Pride and Prejudice and Zombies
The small, deadpan moments in "Pride and Prejudice and Zombies" have more of an impact than the massive, noisy set pieces.
CANNES, France--Where is the Cannes of the past? The Cannes of great joyous movies and silly starlets and larger-than-life characters and long, lazy lunches on the beach? How did it get replaced by this melancholy impostor, this festival of murder and nihilism and hopelessness?
As I write, the daily demonstration is unwinding beneath my window--teachers, this time, banging garbage can lids against park benches and shouting slogans, while the police eye them balefully. A dusty wind comes down from the hills, scattering cafe napkins and menus into the street. The first movie I saw today, Michael Haneke's "Le Temps du Loup," was about the dog-eat-dog world of survivors in a post-apocalyptic universe. The second, Kurosawa Kiyoshi's "Bright Future," ended with the hero's father committing suicide by grabbing a jellyfish. In three recent movies, everyone was shot dead at the end.
I do not ask for jolly, simple and cheerful movies. You know me better than that. But a morose funk has settled on this year's festival, in which each film is more despairing than the last, and the overall message is: Life is hell, and then you die. Even the stars aren't fun anymore. Arnold Schwarz-enegger came all the way here to stand before a "Terminator 3" display in front of the Carlton Hotel and say "I'm back!" Unquote.
Nicole Kidman has been a good sport in support of Lars von Trier's "Dogville," but now there is a controversy about whether it is anti-American. In the good old days, when a film was anti-American, you knew it. My own feeling: Von Trier shows that liberalism is weak-kneed, and doomed to lose to fascism. Lots of machineguns at the end, trained on the weaklings of Dogville. Maybe Dogville is America and the gangsters are the Bush administration. Maybe that's it. Search me.
There was a little Italian comedy, "Il Cuore Altrove," by Pupi Avati, on the weekend, and it wasn't very good but at least it made me smile and had some charm, in its story of a clueless 35-year-old bachelor who is seduced and abandoned by a heartless blind beauty. It was a human comedy, with people who had simple elemental motives like lust, greed and vanity. How brave was this cheer, in the face of the festival's doomsday obsession.
On the big screen on the beach every night, they are showing the films of Fellini, and there is also a retrospective of works by Chaplin. These are reminders that the movies can rescue us from our misery, as well as rubbing our noses in it.
My motto: No good movie is depressing, all bad movies are depressing. "Do the Right Thing" was depressing, but exhilarating in its greatness. I am depressed this year because one film after another has been unspeakably awful. There are good ones, of course; I exempt "At Five O'Clock in the Afternoon," from Iran; and the Turkish film "Uzak," about a country cousin who comes to visit and disrupts the life of his city relative; "Elephant," Gus Van Sant's stark meditation on Columbine, and a few others.
But even the Turkish film has been seized by the fierce, paralyzing minimalism that now passes for style. In the glory days of Cannes, style was Fellini's gracefully moving camera and shots that seemed to sing. Or audacious experiments by Quentin Tarantino, Spike Lee and the Coen brothers. Or the freshness of the New Wave. Or the audacity of Fassbinder and the vision of Kurosawa.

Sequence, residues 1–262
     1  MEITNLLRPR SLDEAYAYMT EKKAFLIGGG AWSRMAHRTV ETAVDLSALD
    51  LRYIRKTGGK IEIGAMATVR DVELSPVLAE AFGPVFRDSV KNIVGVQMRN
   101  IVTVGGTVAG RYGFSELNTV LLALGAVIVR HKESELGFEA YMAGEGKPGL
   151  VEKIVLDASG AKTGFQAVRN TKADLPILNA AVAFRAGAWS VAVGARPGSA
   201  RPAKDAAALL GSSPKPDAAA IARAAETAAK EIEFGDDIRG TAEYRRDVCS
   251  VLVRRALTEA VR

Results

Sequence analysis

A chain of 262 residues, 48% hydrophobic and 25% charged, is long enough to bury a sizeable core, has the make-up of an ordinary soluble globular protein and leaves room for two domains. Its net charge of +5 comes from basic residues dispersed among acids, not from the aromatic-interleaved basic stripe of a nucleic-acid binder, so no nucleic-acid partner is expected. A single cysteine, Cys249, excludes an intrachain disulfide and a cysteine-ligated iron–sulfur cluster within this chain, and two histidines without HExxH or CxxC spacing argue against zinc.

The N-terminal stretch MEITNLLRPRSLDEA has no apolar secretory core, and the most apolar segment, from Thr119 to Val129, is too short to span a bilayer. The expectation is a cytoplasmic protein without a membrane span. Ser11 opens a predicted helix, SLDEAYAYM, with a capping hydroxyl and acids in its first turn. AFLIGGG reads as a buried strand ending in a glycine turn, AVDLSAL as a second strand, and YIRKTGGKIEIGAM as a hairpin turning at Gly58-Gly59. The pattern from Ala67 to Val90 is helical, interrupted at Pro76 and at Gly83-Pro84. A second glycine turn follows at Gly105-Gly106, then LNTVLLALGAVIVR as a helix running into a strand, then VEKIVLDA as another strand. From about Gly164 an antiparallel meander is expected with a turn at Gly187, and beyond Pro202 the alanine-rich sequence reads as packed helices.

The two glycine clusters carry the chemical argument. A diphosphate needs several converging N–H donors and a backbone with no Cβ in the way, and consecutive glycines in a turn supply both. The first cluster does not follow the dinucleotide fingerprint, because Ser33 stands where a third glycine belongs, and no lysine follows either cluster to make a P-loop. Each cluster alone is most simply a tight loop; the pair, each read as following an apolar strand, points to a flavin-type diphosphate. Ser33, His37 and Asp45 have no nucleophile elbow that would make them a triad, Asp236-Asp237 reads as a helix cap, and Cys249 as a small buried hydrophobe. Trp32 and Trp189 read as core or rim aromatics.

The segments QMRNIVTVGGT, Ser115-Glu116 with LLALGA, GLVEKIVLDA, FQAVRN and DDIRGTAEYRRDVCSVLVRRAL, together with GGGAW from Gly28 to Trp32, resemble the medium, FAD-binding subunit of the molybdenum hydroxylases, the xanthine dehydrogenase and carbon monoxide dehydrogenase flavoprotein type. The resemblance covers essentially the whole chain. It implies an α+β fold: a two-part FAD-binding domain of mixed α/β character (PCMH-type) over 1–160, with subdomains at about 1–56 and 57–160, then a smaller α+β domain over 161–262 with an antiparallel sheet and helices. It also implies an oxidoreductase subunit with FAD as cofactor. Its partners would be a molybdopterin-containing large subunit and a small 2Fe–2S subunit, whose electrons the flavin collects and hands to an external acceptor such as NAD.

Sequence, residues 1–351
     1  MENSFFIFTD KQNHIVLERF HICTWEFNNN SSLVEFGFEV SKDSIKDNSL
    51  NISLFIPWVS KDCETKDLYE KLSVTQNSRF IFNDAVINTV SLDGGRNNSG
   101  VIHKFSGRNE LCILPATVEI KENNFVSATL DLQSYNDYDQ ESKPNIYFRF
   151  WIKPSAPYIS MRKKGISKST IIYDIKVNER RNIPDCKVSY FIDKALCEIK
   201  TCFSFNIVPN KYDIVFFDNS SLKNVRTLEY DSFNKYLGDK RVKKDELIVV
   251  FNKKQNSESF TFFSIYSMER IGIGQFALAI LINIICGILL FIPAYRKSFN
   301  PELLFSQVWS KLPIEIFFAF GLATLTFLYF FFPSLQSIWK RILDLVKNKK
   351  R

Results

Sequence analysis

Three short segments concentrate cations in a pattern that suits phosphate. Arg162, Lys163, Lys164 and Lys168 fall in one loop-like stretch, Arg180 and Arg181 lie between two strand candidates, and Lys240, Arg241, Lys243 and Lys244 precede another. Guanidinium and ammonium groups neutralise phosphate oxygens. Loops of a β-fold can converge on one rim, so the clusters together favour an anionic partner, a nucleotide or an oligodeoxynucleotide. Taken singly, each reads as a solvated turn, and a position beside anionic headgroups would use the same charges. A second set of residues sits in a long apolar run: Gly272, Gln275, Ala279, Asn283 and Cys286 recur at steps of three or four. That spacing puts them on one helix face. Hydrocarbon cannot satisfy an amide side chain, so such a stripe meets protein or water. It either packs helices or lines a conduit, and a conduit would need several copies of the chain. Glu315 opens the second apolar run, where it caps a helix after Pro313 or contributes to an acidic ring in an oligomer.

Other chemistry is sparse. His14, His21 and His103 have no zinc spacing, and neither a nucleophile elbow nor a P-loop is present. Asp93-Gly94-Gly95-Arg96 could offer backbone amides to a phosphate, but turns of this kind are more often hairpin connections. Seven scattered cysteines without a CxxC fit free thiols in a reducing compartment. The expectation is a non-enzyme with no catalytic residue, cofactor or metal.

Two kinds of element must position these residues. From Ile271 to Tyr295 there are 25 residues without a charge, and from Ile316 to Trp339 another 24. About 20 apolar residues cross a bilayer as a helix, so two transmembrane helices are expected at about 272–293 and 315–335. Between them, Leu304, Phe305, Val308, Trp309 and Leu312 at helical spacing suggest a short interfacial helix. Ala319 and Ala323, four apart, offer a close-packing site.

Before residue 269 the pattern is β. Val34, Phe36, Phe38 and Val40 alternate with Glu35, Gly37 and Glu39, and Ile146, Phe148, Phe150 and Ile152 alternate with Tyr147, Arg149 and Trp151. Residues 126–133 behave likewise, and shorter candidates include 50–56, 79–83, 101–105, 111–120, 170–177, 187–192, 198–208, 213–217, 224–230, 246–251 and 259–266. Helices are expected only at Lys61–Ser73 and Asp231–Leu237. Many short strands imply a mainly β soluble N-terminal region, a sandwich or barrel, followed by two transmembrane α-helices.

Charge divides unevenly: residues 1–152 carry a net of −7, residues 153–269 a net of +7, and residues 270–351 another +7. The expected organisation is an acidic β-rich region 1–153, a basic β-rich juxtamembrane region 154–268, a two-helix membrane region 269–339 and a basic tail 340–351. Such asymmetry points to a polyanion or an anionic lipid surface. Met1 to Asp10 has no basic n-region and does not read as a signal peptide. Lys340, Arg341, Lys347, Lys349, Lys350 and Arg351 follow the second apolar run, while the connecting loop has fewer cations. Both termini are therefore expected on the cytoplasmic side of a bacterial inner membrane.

Then along came Angelopoulos from Greece and Kiarostami from Iran, with their fashionably dead films in which shots last forever, and grim middle-aged men with mustaches sit and look and think and smoke and think and look and sit and smoke and shout and drive around and smoke until finally there is a closing shot that lasts forever and has no point.
The Turkish director of "Uzak," Nuri Bilge Ceylan, seems to have been infected by his Greek and Iranian neighbors, and takes a perfectly sound story and slows it down into a mannered exercise. I sort of liked it anyway, this tale of a neat and solitary intellectual whose life is disrupted by his ill-mannered visitor. The last shot, as he is seen alone and isolated in a wintry, desolate cityscape, shows that now he can sink again into his solitary misery. But consider this: The only time the audience chuckled, and applauded lightly, was more than an hour into the film--when a reverse shot revealed that two rooms we thought were separate were, in fact, just opposite ends of the same room! Such a meager pleasure, in the festival where Francis Ford Coppola revealed the boundless creative energy of "Apocalypse Now."
There are films here I've loved. The Sundance winner "American Splendor," about the blue-collar comic book author Harvey Pekar, is one of them, but it's out of competition. Maybe that's my problem: I've been faithfully attending every single competition film, when maybe I should be plundering the sidebar programs. I know that many major directors (Altman, the Coens and Bertolucci among them) were not able to finish their new films in time for Cannes. But even so, this year's official entries are the weakest in memory, almost a salon of refuseniks. When your film is rejected by Sundance, you can always try Slamdance. What is this? Slamcannes?
This message came to me from a reader named Peter Svensland. He and a fr...
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